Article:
Close Button
Newsletter Button

Sign up for our newsletter

The latest from Inc. Southeast Asia delivered to your inbox.

By signing up for newsletters, you are agreeing to our Terms of Use and Privacy Policy.

Need More Time in the Week? Do These Little Changes Now

If you’re struggling with time management, look to simple, killer advice from thought leaders Laura Vanderkam, Derek Sivers, Jenny Blake and Liz Funk

Share on
BY Damon Brown - 31 Oct 2017

PHOTO CREDIT: Getty Images

One of the worst things you can say is "I don't have enough time," as it is super rare that you don't. It usually means you have ill-defined priorities. As they say, everyone is given the same 24 hours - and Richard Branson still manages to get plenty done.

Instead, see how you can be more efficient with the time you have. Consider these four masterful ways to make your day seem much longer than it is.

Done is better than perfect: Time researcher Laura Vanderkam shared this with me and it helped me get my last book out the door (and it went on to become a best-seller). Most projects are fine, if not great at 90 percent of your original vision. The remaining 10 percent requires an exponentially higher amount of time and usually isn't worth the loss in energy and focus.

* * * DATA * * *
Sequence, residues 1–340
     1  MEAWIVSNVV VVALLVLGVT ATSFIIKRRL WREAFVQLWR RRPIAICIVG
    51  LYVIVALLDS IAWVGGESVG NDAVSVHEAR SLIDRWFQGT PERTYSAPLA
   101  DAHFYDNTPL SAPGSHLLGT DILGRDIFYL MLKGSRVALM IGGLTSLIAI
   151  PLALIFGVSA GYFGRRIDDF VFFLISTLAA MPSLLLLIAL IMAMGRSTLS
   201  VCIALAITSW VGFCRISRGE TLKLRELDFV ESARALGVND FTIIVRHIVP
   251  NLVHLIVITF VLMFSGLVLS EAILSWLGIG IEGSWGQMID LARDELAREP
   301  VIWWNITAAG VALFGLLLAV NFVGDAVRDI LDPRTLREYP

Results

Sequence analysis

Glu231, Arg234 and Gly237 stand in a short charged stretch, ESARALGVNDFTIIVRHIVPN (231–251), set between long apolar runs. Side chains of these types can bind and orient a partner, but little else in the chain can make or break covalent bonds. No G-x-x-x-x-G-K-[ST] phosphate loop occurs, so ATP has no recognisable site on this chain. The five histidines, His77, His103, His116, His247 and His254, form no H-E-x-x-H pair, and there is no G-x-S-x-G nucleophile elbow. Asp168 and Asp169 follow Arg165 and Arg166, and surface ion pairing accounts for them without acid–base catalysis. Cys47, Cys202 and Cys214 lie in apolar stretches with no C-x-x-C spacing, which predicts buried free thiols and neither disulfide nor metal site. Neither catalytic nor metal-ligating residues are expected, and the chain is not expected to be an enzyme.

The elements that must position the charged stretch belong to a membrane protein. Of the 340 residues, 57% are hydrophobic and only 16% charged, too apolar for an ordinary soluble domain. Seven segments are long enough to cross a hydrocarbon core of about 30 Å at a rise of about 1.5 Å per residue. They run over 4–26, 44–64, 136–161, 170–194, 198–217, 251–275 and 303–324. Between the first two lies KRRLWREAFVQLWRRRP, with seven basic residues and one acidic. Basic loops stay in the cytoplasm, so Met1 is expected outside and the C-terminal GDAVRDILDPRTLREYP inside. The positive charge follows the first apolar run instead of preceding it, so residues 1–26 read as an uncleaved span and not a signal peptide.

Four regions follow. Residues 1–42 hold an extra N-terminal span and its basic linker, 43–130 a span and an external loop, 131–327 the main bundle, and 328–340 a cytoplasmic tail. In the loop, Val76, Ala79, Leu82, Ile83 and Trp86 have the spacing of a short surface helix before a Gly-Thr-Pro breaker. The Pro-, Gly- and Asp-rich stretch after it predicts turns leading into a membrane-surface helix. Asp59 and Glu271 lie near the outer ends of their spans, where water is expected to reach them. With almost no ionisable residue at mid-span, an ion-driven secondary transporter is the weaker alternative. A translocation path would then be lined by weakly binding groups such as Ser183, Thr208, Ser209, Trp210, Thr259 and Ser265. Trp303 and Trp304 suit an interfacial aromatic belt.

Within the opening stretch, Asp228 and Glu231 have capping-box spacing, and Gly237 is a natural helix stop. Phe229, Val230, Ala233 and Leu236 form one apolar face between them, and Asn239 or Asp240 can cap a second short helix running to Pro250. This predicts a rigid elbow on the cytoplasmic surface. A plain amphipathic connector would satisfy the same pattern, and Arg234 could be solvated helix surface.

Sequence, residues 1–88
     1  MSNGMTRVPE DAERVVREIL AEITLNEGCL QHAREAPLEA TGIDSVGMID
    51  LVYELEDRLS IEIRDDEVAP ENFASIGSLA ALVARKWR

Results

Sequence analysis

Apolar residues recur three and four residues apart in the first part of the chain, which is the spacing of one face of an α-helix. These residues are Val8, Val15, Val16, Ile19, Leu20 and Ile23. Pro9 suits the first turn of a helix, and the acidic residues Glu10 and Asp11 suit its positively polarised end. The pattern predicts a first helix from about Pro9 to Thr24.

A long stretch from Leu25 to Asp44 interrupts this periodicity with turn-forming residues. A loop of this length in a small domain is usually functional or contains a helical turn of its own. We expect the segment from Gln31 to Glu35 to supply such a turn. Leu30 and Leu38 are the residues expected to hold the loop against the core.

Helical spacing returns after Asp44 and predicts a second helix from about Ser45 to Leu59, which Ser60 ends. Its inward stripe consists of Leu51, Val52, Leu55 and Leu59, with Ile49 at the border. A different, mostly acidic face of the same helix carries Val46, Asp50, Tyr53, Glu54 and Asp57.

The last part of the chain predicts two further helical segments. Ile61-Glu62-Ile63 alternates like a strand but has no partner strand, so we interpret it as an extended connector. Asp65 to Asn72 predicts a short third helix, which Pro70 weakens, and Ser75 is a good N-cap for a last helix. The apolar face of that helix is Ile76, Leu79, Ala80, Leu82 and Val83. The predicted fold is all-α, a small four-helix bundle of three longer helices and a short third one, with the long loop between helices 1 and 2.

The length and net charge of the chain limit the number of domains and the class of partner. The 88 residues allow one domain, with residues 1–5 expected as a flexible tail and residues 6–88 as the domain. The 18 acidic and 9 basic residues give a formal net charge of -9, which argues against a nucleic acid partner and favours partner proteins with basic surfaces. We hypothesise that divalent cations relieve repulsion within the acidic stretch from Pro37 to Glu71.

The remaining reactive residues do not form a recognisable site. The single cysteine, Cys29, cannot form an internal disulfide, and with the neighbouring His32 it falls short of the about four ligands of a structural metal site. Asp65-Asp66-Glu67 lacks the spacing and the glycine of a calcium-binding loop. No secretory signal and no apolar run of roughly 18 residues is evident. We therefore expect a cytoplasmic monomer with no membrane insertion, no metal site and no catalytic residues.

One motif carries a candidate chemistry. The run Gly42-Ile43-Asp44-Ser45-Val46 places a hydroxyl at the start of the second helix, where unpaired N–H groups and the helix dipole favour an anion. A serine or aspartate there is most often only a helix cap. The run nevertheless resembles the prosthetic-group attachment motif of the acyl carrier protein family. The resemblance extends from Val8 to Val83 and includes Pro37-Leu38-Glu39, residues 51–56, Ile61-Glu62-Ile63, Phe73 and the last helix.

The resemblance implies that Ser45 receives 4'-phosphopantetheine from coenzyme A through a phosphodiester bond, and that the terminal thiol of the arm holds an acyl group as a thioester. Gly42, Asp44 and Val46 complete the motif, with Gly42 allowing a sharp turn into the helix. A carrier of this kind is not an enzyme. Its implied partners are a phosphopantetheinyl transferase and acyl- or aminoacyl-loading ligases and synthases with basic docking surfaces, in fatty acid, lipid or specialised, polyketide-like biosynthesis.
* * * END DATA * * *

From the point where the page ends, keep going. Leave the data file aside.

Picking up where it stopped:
Say hell yes or no: As serial entrepreneur Derek Sivers famously put it, everything you do should be a "Hell yeah!" - or it is a "No". It doesn't mean skip the grunt work or, as I call it, dirty work, but rather that any path you choose should be something you truly want to see happen. The worst time management decision you can make is pursuing something that isn't worth your time.

Skip one-sided meetings: Pivot author Jenny Blake leans on 20/20 meetings. She'll take twenty minutes or more to talk about her needs and an equal amount of minutes to hear someone else's needs. Brain-picking sessions are out of the question, which means each conversation is time efficient and productive for both parties.

Keep emails to five sentences (or less): Entrepreneur Liz Funk keeps correspondence super short - and you should, too. A five-sentence limit improves the chances that others will respond, narrows your conversation down to the essentials and prevents you from belaboring over multi-paragraph email. Get the communication out and get back to your business.

inc-logo Join Our Newsletter!
The news all entrepreneurs need to know now.


McDonald’s Made A Massive Change To Its Vanilla Ice Cream Six Months Ago (And Didn’t Tell Anyone)

Read Next

This Tech Founder Runs a $1.8B Software Company. Now She’s Trying to Help L.A.’s Homeless

Read Next